When someone is badly injured or killed in a boating accident, the cause of the incident must be investigated. Many boating injuries and fatalities, however, can be prevented when boaters employ safe boating practices.
Knowing the leading causes of boating accidents in Canada is one step in preventing them. Let’s take a look at the top five causes.
Just like alcohol and cars do not mix, neither does alcohol and boats. Like with cars, alcohol negatively affects judgment and reaction time, leading to serious accidents. In fact, boaters are subject to the same impaired driving charges as motorists.
According to the Marine Liability Act, passengers on boats may consume alcohol only if the boat has sleeping and cooking facilities and a permanent toilet. The boat must also be anchored at the time.
Speeding and Dangerous Maneuvers
Like the stunt driving of cars, speeding or making dangerous maneuvers in a boat can lead to collisions. It may also cause the operator or passengers to fall overboard or sustain other injuries inside the boat.
When boating deaths or injuries result from maneuvers such as running rapids, it is usually because the boaters involved did not have sufficient skill or experience for the activity.
Failure to Have Appropriate Safety Equipment on Board
The Marine Liability Act requires that motor and sailboats have specific safety equipment on board, including but not limited to a fire extinguisher, anchor, flares, magnetic compass, and navigation lights.
In a 2019 high-profile case involving the wife of Canadian celebrity, Kevin O’Leary, and another boat operator from Buffalo, New York, O’Leary’s wife (who was being charged for an incident that resulted in the death of two boaters) testified that the other boat in the accident did not have its navigation lights on. This was also confirmed in the police investigation.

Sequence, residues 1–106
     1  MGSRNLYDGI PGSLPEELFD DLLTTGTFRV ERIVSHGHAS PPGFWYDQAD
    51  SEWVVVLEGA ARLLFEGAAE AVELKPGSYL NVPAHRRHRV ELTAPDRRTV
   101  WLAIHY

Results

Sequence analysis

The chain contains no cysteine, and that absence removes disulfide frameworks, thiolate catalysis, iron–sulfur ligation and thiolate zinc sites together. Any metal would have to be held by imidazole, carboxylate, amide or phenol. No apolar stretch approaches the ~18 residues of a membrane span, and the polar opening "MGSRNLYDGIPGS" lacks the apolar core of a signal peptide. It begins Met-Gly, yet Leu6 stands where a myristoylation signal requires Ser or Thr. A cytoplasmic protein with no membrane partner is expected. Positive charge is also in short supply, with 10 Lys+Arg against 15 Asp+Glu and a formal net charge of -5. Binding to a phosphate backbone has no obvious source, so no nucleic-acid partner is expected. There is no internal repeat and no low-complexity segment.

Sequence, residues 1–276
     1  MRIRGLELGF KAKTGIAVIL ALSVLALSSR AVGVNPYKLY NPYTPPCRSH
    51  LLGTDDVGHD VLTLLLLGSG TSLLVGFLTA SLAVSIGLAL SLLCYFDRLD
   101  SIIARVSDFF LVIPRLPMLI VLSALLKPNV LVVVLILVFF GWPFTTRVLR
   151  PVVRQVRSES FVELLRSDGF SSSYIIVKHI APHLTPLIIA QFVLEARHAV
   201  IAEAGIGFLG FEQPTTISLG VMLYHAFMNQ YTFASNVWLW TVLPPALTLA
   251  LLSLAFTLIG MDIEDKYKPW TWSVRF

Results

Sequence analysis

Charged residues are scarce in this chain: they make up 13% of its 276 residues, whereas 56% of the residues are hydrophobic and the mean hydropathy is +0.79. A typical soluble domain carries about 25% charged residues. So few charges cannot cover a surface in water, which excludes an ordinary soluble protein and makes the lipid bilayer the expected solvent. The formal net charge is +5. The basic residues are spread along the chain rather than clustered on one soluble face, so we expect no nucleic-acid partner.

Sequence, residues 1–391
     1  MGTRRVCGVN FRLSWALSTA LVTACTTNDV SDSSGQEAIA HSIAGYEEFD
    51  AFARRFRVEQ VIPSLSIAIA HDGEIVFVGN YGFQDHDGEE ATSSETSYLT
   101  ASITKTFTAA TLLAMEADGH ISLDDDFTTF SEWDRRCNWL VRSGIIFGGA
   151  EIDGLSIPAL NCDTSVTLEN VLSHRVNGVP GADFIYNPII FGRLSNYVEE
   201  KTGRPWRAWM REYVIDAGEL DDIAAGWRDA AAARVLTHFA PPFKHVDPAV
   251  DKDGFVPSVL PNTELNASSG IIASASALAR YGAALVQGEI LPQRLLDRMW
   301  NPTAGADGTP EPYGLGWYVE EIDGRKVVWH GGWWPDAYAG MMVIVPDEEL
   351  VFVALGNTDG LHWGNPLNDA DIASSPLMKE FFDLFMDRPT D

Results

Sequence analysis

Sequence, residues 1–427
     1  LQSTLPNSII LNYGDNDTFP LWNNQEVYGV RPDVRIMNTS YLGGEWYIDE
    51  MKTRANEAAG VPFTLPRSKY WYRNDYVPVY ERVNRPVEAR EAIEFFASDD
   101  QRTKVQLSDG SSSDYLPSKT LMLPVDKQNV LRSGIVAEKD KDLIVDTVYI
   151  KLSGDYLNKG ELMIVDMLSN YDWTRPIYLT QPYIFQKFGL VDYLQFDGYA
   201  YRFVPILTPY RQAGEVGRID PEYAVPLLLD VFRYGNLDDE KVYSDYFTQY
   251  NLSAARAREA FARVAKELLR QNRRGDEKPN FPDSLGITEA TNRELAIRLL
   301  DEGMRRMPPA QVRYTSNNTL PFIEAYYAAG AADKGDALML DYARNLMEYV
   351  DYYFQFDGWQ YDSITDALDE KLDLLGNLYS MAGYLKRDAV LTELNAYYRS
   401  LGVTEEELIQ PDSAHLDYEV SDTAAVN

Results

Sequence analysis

Richard Ruh, the other boat operator, was charged with one count of failing to have his navigation lights on while underway.
Poor Planning or Lack of Caution
Changing weather conditions can dramatically affect the safety of any boat ride. In 1978, a group of 12 boys and a volunteer all died in an accident on Lake Timiskaming. They were attempting to cross the lake when their canoes capsized. Poor planning and inexperience were blamed for the deaths.
In another tragic accident in Georgian Bay, two Grade 7 students died on a field trip when the glass bottom boat they were on sank off Flower Pot Island. While the others in their class could swim to shore, the two 12-year-olds drowned. None of the students were wearing life jackets even though they were in rough water.
Not Wearing a Life Jacket
While not wearing a life jacket may not cause a boating accident, it can have a tremendous impact on the outcome. For example, about 90% of Canadians who have been killed in boating accidents were not wearing (or not properly wearing) a life jacket. Even experienced swimmers can drown if they are injured or experience shock from the cold water.
While Ontario law does not mandate life jackets be worn (only that you have enough life jackets on board in the appropriate sizes for everyone on board), many deaths could be prevented if life jackets are worn.
Contact Hoffman Law today
Anyone who operates a boat has a moral and legal responsibility to do so safely. If you or a loved one has been hurt in a boating accident due to someone else’s recklessness or negligence, you are entitled to compensation for your injuries. Contact Hoffman Law today to learn more.